As the defendants further note, also correctly, the declaratory judgment statute does not confer jurisdiction on a district court, see Skelly Oil Co. v. Phillips Petroleum Co., 339 U.S. 667, 671, 70 S.Ct. 876, 94 L.Ed. 1194 (1950), and a declaratory judgment plaintiff is subject to the rule that federal jurisdiction cannot be obtained by anticipating an adversary's federal defense, id. Moreover, and especially pertinent to the pending suit, a complaint seeking a declaratory judgment is to be tested, for purposes of the well-pleaded complaint rule, as if the party whose adverse action the declaratory judgment plaintiff apprehends had initiated a lawsuit against the declaratory judgment plaintiff. See Public Service Commission v. Wycoff Co., 344 U.S. 237, 248, 73 S.Ct. 236, 97 L.Ed. 291 (1952) (“Where the complaint in an action for declaratory judgment seeks in essence to assert a defense to an impending or threatened state court action, it is the character of the threatened action, and not of the defense, which will determine whether there is federal-question jurisdiction in the District Court.”); 15 James Wm. Moore, Moore's Federal Practice § 103.44, at 103-67 (3d ed. 1998) (“[T]he nature of the potential coercive action that the defendant might bring against the declaratory judgment plaintiff must be analyzed. The court will ask whether in this hypothetical suit, a federal question would be presented.”) (footnote omitted).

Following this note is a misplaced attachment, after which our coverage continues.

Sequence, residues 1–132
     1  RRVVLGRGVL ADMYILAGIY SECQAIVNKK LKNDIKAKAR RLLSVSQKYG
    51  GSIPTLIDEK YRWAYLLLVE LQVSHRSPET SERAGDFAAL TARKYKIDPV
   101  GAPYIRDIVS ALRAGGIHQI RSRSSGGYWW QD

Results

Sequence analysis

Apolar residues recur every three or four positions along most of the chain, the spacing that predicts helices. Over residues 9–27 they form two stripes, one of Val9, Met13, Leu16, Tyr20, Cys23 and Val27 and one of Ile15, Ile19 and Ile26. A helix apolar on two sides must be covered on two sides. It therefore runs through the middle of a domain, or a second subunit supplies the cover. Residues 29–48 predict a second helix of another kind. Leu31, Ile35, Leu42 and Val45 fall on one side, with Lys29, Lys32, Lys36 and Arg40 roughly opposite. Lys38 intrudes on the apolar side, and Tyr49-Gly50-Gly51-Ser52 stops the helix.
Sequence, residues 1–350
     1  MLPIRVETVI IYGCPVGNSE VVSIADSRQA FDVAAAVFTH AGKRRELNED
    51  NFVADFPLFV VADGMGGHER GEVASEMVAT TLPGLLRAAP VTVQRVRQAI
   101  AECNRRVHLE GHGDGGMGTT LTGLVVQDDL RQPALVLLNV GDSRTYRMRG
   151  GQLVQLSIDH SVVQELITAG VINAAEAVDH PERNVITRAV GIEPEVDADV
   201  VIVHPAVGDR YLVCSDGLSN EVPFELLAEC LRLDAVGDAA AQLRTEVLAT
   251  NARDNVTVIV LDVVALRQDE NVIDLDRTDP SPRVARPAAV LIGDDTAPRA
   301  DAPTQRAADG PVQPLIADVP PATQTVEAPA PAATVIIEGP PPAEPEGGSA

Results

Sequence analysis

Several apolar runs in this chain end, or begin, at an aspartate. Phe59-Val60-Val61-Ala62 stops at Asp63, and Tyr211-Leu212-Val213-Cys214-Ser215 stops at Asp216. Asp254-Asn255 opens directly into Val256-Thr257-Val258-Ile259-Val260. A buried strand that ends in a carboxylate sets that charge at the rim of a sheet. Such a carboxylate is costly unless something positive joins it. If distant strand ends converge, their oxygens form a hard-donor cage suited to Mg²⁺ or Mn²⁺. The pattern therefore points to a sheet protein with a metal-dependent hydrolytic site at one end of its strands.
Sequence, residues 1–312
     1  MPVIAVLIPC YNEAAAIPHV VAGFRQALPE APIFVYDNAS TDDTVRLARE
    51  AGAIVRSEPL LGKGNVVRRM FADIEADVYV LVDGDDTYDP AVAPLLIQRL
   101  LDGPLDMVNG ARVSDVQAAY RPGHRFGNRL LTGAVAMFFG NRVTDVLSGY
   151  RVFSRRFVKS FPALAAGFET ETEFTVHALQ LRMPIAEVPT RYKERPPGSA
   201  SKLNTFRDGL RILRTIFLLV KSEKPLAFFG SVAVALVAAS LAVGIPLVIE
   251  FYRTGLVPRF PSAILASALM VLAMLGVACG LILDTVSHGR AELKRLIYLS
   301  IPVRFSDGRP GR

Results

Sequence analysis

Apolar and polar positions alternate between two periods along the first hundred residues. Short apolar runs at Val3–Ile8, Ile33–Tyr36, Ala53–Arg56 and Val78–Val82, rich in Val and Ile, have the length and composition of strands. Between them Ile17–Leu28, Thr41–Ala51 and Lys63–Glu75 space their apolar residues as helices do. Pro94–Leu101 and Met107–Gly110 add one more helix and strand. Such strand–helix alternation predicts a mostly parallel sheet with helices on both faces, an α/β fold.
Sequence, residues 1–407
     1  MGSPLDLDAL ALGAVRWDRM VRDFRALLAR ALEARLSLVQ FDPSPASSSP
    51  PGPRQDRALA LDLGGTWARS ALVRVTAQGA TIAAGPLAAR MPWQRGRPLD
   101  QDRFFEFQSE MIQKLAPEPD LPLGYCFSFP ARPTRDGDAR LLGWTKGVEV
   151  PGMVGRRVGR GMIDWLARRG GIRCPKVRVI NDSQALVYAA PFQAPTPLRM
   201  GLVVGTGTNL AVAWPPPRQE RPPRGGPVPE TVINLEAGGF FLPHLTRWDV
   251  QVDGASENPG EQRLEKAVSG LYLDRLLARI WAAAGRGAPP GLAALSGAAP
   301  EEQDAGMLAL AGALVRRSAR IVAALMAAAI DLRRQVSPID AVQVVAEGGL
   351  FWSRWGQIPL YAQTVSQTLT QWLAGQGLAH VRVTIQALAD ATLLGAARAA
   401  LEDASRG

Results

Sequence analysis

Thus, the argument continues, Fleet's lawsuit seeking the declaratory relief of insulation from the Commissioner's threat to invoke section 36a-156 to prohibit Fleet's imposition of the surcharge should be viewed as if the Commissioner were suing Fleet; in that event, Fleet would be asserting not only its state law defense that section 36a-156 does not prohibit the surcharge fee but also, if the state law defense failed, its federal law defense of preemption. But under the well-pleaded complaint rule, the argument continues, the defensive nature of this preemption contention would not suffice to invoke federal subject matter jurisdiction, at least in the absence of a preemption claim based on a federal law that “so completely pre-empt[s] a particular area that any civil complaint ․ is necessarily federal in character.” Metropolitan Life, 481 U.S. at 63-64, 107 S.Ct. 1542.